4. I had a long debate on this site on not getting 3.0 mm tin-lined copper. I am actually very happy with 2.0 mm skillets for what I need. Andrea actively discouraged me from ordering thicker pans, although he could readily make them. He explained that 2.0 mm is his most popular thickness for skillets for both home cooks and professional chefs in Europe. There are tradeoffs and 2.0 mm gets you a very sturdy skillet that is very responsive to changes in temperature and light enough to be practical. I can flip vegetables being sauteed, even with the 34 cm with a two-handed grip, and it is a good thing to have skillets that want to be picked up. (2.5 mm is the recommended thickness for the pots specified.)
Thicker skillets can hold more heat (assuming your home burner can produce it) and would distribute heat slightly more evenly. But you get a heavier skillet that is less responsive, and the responsiveness is copper's strong point. Again, Andrea emphasized that 2.0 mm was their choice to balance these characteristics and is what they sell the most of. I do light home cooking like sautes on the skillets, though, and your usage may differ.
5. The handwork on the Navarini skillets and pans is magnificent. The curve on the skillets is perfect and facilitates flipping. The minimalist rivets and simple lines on the skillets and pans are beautiful. The hammering is also beautiful, although the polish is of course immediately lost the first time you heat the pan.
6. The handles are brass and get hot but they have never bothered me. I bought insulated gloves and never used them, and just reach for a dishcloth or towel as they do in restaurants. I do have to remember to cool the handle separately when washing a pan in the sink, before holding the handle again.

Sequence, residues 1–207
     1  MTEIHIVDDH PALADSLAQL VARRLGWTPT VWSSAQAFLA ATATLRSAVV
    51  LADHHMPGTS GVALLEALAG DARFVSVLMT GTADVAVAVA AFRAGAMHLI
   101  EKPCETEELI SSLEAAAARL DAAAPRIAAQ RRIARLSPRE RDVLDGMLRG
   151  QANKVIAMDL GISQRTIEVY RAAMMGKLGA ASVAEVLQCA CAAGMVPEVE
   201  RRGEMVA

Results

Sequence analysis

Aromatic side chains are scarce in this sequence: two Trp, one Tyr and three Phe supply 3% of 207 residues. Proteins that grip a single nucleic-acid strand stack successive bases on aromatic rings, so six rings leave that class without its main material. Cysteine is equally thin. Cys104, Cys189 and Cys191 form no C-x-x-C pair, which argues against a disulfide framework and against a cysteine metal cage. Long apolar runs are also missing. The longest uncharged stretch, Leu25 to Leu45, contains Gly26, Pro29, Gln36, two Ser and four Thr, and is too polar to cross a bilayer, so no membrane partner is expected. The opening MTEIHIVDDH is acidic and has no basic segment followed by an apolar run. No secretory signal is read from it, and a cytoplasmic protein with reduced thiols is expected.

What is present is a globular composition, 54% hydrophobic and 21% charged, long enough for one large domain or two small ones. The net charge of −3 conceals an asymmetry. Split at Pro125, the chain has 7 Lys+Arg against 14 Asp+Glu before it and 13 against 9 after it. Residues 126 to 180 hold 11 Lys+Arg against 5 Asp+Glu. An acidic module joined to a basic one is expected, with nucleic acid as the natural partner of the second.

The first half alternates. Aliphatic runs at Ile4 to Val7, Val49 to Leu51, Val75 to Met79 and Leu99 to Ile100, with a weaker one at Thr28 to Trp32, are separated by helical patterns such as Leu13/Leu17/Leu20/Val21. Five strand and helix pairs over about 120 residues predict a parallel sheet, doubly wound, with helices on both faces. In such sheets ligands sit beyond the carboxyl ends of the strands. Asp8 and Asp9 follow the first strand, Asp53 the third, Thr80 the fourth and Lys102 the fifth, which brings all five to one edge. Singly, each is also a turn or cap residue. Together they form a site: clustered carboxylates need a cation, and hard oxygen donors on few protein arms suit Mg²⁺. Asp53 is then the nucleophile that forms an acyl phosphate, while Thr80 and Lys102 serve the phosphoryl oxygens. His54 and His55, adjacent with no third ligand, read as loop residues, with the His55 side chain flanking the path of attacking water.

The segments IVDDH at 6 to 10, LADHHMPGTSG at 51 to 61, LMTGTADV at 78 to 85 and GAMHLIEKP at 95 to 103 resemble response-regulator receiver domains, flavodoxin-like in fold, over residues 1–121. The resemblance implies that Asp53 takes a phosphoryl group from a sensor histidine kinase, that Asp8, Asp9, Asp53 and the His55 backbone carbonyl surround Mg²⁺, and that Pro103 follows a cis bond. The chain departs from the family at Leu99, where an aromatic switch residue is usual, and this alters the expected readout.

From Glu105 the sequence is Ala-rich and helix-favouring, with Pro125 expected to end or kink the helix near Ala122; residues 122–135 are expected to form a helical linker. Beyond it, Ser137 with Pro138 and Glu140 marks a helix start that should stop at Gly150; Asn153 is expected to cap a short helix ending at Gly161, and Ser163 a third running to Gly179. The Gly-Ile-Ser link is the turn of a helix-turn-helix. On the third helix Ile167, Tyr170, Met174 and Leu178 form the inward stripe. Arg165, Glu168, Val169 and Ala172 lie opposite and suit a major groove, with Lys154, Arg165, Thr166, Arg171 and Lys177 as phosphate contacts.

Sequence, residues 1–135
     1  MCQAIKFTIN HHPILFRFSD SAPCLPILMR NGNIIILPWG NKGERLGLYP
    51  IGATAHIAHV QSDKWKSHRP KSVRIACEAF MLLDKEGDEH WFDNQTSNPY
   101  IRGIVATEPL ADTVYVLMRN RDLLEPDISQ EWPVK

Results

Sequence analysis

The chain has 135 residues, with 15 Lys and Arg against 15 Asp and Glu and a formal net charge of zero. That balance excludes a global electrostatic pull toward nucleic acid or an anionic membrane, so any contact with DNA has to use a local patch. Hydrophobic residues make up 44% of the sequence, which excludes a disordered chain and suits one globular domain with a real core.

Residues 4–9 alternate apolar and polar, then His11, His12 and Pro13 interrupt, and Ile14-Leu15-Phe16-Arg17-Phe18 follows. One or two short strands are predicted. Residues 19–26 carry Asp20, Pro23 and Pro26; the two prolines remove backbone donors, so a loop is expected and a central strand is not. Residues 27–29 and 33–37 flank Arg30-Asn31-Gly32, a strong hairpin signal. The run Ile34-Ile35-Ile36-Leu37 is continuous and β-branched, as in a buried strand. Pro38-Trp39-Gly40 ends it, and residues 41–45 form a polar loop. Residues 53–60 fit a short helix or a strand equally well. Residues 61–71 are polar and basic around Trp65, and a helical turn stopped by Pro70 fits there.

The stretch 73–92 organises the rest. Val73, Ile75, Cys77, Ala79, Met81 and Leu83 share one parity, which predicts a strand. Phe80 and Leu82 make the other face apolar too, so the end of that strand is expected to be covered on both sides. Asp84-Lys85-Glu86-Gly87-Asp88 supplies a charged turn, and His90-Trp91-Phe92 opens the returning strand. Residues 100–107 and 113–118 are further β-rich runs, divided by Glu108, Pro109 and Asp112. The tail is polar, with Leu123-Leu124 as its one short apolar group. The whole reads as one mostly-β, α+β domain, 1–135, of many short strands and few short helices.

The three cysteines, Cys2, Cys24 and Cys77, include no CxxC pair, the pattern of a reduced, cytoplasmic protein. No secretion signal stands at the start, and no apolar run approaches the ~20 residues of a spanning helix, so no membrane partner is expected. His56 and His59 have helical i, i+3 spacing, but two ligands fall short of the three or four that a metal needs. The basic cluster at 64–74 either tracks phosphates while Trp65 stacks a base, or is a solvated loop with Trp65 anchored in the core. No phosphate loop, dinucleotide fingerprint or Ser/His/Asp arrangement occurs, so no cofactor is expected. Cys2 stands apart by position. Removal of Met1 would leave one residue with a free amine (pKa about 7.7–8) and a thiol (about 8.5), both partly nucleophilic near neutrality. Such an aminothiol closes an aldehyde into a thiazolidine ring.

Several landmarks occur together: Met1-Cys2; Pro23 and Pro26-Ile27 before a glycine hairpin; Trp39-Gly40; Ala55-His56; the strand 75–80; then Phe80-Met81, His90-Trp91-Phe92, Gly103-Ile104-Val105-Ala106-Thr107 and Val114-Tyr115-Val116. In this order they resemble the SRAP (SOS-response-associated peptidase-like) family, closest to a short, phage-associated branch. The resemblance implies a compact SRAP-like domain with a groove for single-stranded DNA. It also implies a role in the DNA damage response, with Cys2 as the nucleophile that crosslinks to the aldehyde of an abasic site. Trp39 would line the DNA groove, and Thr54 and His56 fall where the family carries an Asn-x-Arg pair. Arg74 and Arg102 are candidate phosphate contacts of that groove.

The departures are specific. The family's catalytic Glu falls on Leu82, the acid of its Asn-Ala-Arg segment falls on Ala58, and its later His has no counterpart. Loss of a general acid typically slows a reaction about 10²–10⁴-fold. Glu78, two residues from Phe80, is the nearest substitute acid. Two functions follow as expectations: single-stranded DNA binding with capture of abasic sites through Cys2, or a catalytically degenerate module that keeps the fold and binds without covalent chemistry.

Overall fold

7. The 34 cm (about 13.5 in) skillet is an absolute joy to use. I use it to saute vegetables when I want to chop them thinly and make sure the slices are in contact with the oil lining the pan, and other uses where you want such a wide surface such as lightly frying bacon. Again, it is at about the maximum weight that is still comfortable to lift, and you can even flip with a two handed grip. It is definitely sturdy at 2.0 mm thickness and can be used as a club.
8. I cook for one a lot, and the 22 cm (about 8.5 in) skillet has become my main one. It is definitely not too small for two fish fillets, small cuts of steak or chicken breasts (200-300 grams).
9. The 12 cm pot and 16 cm (about 6.5 in) skillet are indulgences for eggs but they make me smile when I use them, so I was happy to get them. The small skillet is actually handy for reheating snack sized portions or a little soup, and can cook a single piece of protein handily with a little crowding. I do not use it as often so try coating it with olive oil to facilitate the nonstick while it is a little new (again, an indulgence).